The winner Beaumont after he won the Circuit of Europe race, weeks before. A strip map is in front of Beaumont.
Edwardian Exonians were familiar with balloons drifting over the city, as several plucky aeronauts had demonstrated their skills through the nineteenth century. The Flying Post had reported on several such balloon ascents, and therefore the visit of the first aeroplanes to Exeter, at a time when there were air events occurring almost weekly across the country, was covered by the newspaper and the local photographers.
The Circuit of Britain Air Race, in 1911, was one of a series of events to encourage the development of aircraft, to be staged by the Daily Mail. The race started from Brooklands in Surrey, on Saturday 22nd July, proceeded as far as Edinburgh, and returned to Brooklands, via Exeter and Brighton on the 26th of the month. The event was said to be one of the inspirations for the 1960's film 'Those Magnificent Men in their Flying Machines'. The race which had a prize of £10,000 for the winner, was really a time trial, with the machine completing the circuit in the fastest time declared the winner.
Of the seventeen competitors, there were nine British machines, including the popular Colonel Cody in his Cody III aircraft, entered in the 1010 mile race.
There were eleven compulsory stops for the pilots, who navigated using a strip map that they wound around two drums in the cockpit. Aircraft soon started to drop out, due to mechanical problems or because the pilots got lost.
The landing field at Arena Park, Whipton attracted a crowd of several thousand on the evening of the 25th July, as the first competitors were expected before nightfall. However, no aircraft appeared in the sky, and the crowd dispersed, or camped out, ready for the expected arrival at 4am the next day.
Special trains were laid on from Queen Street station, and trams to the Pinhoe Road were laid on to take the spectators back to the landing field. Many had returned before dawn and there was an expectant excitement among the estimated ten to fifteen thousand spectators. This was going to be the first glimpse of a flying machine for the people of Devon.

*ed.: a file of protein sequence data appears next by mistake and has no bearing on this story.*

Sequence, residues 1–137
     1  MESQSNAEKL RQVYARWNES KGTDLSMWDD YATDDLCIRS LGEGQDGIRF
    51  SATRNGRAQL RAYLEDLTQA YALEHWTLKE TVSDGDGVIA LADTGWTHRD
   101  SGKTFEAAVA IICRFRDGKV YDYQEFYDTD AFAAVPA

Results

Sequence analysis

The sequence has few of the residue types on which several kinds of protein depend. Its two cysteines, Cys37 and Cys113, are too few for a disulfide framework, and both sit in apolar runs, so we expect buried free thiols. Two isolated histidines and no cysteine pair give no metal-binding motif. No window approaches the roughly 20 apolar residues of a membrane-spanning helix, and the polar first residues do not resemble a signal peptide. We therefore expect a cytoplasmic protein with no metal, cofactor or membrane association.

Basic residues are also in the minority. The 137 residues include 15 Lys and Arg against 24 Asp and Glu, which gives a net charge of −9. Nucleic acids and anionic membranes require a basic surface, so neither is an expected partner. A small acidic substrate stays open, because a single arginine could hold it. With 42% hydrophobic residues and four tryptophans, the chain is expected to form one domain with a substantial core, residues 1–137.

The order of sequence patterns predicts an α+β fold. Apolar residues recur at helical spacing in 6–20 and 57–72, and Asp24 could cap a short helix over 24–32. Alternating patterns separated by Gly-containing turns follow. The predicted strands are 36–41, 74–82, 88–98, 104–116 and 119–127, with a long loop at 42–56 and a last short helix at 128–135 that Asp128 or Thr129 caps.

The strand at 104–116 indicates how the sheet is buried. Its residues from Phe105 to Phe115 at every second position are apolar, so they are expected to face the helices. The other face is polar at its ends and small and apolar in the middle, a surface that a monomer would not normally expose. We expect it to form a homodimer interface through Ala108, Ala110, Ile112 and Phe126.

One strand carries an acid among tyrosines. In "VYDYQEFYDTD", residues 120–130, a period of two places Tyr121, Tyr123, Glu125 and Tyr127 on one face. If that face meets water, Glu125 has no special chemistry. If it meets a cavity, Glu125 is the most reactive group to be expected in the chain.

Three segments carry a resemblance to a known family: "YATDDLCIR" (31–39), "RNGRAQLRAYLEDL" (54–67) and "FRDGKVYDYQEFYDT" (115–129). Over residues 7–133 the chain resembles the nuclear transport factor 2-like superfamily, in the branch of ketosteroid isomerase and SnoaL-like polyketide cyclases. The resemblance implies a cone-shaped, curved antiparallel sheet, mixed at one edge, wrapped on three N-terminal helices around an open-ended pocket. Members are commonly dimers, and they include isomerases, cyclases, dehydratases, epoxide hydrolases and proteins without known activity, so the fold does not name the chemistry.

Several times it was thought that the leading flyer was approaching the field, only for dissapointment to run through the crowd. Then, shortly after 6 am a speck was seen in the sky, followed by a second speck over Pinhoe Church.
The Flying Post wrote: "...the spectators had had one of the finest sights of the whole circuit - two planes high in the air, within a quarter of a mile of each other, sailing along a third of a mile above the earth as serenely as a pair of seagulls."
Cheering burst out as the first aircraft approached at 1,500 ft (450m), dropped down and landed. The first aircraft to land at Exeter was flown by Emile Vedrines, a Frenchman in a Depurdussin monoplane. Two minutes later Lieutenant Conneau, flying under the name of Beaumont in a French built Bleriot, landed. He was ahead of Vedrines in least flying time, although trailing after him in the race. The Flying Post reported "Vedrines was obviously worried, and said little; Beaumont was affable and all smiles."
Vedrines had lost time the day before because he had landed in the wrong field in Bristol. Thirty-eight minutes after landing at Whipton he took off for the next stage, followed by Beaumont, 18 minutes later.
The next competitor to pass through Whipton was Englishman, James Valentine who arrived seven days after Vedrines and Beaumont, in his French built Depurdussin. Valentine had been much delayed by wind on some previous stages, and had also made a forced landing, just after take off in Bristol, with a broken valve-rod gear. On his flight to Exeter, he followed the Great Western railway line to St David's Station and turned east towards Whipton before landing at 8.30am. The Mayor, Sheriff and Town Clerk welcomed him, and took him to breakfast at the New London Inn. Valentine continued his flight to Brighton the next morning.